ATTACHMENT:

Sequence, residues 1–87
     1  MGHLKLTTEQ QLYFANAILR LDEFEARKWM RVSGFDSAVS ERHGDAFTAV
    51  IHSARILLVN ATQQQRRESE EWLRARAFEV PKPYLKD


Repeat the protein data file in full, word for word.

Sequence, residues 1–87
     1  MGHLKLTTEQ QLYFANAILR LDEFEARKWM RVSGFDSAVS ERHGDAFTAV
    51  IHSARILLVN ATQQQRRESE EWLRARAFEV PKPYLKD